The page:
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Fowler v. Bab Home Loans Servicing, LP

United States District Court, E.D. Missouri, Eastern Division

January 6, 2015

MIMI FOWLER, Individually and on Behalf of All Others Similarly Situated, Plaintiffs,
v.
BAC HOME LOANS SERVICING, L.P., KOZENY & MCCUBBIN, L.C., and KOZENY LENDERS 1-100, Defendants.

MEMORANDUM AND ORDER

RONNIE L. WHITE, District Judge.

This matter is before the Court on Defendants' Joint Motion for Stay of Remand Order Pending Appeal with Incorporated Supporting Memorandum of Points and Authorities (ECF No. 29). On November 19, 2014, this Court granted Plaintiffs Motion to Remand this Class Action Fairness Act ("CAFA") action to state court. (ECF Nos. 27-28). In the instant motion, Defendants ask this, Court to stay its remand order while they pursue an appeal of this Court's November 19, 2014 ruling.

Discussion

Under 28 U.S.C. §1447(d), an order remanding to a case to state court is generally not reviewable on appeal. For that reason, when a district court issues a remand order, the district court is ordinarily divested of jurisdiction, allowing the state court to proceed with the case. 28 U.S.C. §1447(c). However, Congress expressly authorized federal courts of appeals to exercise their discretion to accept an appeal from a remand order under CAFA "notwithstanding section 1447(d)." 28 U.S.C. §1453(c). This statute constitutes an exception to the general rule that remand orders are not appealable. Therefore, the Court holds that it has jurisdiction to reopen this case for the limited purpose of staying the remand order. See Dalton v. Walgreen Co., No. 4:13 CV 603 RWS, 2013 WL 2367837, at* 1 (E.D. Mo. May 29, 2013); Raskas v. Johnson & Johnson, No. 4:12 CV 2174 JCH, 2013WL1818133, at *1 (E.D. Mo. Apr. 29, 2013) (citing Ind. State Dist. Council of Laborers & Hod Carriers Pension Fund v. Renal Care Grp., Inc., No. 3:05-0451, 2005 WL 2237598 (M.D. Tenn. Sept.12, 2005) ("If the case is actually remanded, and the state court proceeds to move it forward, the appellate right would be an empty one.")).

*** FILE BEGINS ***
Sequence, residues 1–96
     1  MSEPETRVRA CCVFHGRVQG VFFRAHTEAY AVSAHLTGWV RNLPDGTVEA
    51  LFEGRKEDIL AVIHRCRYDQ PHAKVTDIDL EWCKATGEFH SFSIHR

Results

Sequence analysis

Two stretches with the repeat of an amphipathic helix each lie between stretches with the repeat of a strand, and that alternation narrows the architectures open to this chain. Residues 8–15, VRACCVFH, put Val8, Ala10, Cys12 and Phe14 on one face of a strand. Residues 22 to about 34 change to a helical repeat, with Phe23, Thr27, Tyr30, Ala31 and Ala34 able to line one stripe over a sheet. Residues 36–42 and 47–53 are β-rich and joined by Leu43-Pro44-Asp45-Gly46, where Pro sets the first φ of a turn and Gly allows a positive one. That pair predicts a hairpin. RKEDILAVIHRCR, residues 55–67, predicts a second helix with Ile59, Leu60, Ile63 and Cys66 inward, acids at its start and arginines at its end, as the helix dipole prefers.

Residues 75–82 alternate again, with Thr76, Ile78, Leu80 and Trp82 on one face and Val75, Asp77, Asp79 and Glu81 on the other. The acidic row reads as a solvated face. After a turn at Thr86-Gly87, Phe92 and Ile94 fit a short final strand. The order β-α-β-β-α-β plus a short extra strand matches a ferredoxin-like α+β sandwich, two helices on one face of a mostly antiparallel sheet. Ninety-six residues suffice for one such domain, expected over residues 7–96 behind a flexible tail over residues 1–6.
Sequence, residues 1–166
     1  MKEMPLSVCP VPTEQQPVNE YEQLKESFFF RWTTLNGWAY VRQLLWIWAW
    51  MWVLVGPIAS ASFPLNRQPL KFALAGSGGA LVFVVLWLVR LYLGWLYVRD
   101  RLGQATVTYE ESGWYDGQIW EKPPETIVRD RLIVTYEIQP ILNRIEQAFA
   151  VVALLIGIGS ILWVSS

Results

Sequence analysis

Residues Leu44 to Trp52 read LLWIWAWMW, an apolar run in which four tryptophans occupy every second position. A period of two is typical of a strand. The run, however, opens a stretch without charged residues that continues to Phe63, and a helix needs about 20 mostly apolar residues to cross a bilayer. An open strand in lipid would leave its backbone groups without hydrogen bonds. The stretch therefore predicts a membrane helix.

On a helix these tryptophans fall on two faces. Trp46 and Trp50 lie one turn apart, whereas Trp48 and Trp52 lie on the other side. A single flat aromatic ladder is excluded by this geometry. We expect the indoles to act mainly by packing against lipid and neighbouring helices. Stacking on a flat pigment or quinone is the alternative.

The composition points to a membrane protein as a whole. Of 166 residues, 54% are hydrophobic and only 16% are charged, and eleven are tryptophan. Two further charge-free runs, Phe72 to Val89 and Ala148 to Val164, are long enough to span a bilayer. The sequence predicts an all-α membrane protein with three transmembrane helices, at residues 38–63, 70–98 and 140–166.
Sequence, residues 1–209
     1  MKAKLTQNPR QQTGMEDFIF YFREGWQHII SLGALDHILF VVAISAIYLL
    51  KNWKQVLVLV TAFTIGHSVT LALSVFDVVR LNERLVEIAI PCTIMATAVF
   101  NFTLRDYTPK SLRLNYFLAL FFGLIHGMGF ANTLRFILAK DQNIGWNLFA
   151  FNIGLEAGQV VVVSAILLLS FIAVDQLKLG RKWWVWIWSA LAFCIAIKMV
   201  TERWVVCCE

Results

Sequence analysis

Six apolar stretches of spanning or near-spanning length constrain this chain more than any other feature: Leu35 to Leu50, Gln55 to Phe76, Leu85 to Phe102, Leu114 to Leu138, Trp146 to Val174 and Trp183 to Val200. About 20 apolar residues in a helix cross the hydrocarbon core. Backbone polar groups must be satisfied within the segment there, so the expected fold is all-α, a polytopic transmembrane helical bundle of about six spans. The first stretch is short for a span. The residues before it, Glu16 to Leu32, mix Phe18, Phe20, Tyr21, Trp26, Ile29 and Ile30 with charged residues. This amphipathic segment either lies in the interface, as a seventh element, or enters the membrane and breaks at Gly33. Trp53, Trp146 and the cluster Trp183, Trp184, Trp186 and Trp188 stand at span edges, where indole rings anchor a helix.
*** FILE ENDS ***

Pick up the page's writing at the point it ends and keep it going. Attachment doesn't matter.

When deciding a motion to stay pending appellate review, courts consider four factors in determining whether a stay is warranted: "(1) the likelihood that a party seeking the stay will prevail on the merits of the appeal; (2) the likelihood that the moving party will be irreparably harmed absent a stay; (3) the prospect that others will be harmed if the court grants the stay; and (4) the public interest in granting the stay." Iowa Utils. Bd. v. F.C.C., 109 F.3d 418, 423 (8th Cir.1996). This court must "consider the relative strength of the four factors, balancing them all." Brady v. Nat'l Football League, 640 F.3d 785, 789 (8th Cir. 2011) (internal quotations marks and citation omitted); Dalton, 2013 WL 2367837, at *2.

After examining these four factors, the Court finds that a stay is warranted. Although the Court remanded this action, Defendants have demonstrated an adequate likelihood of success on the merits of the appeal. There were no Eighth Circuit cases directly addressing the issue of whether Plaintiff satisfied the "no other class action within three years" requirement of the local controversy exception. Based upon this lack of authority from this Circuit, the Court concludes that Defendants adequately demonstrated a sufficient likelihood of success on the merits to support their motion to stay. Second, the Court holds that Defendants have demonstrated that they would be irreparably harmed absent a stay based upon the burden of litigating the case in state court and the Eighth Circuit, "as well as the potential of inconsistent outcomes if the state court rules on any motions while the case is pending before the Eighth Circuit." Raskas, 2013 WL 1818133, at *2. Third, the Court finds that Plaintiff would not be unduly harmed by the stay, particularly because she also would not incur additional costs by conducting simultaneous litigation. Moreover, Plaintiff would not be subject to a lengthy delay because of the expedited review process under CAFA. See 28 U.S.C. §1453(c)(2) ("If the court of appeals accepts an appeal under paragraph (1), the court shall complete all action on such appeal, including rendering judgment, not later than 60 days after the date on which such appeal was filed..."). Finally, the Court holds that public interest favors a stay because it would prevent duplicative litigation in the state and federal courts and conserve judicial resources and economy.

Accordingly,

IT IS HEREBY ORDERED that Defendants' Joint Motion for Stay of Remand Order Pending Appeal with Incorporated Supporting Memorandum of Points and Authorities (ECF No. 29) is GRANTED.


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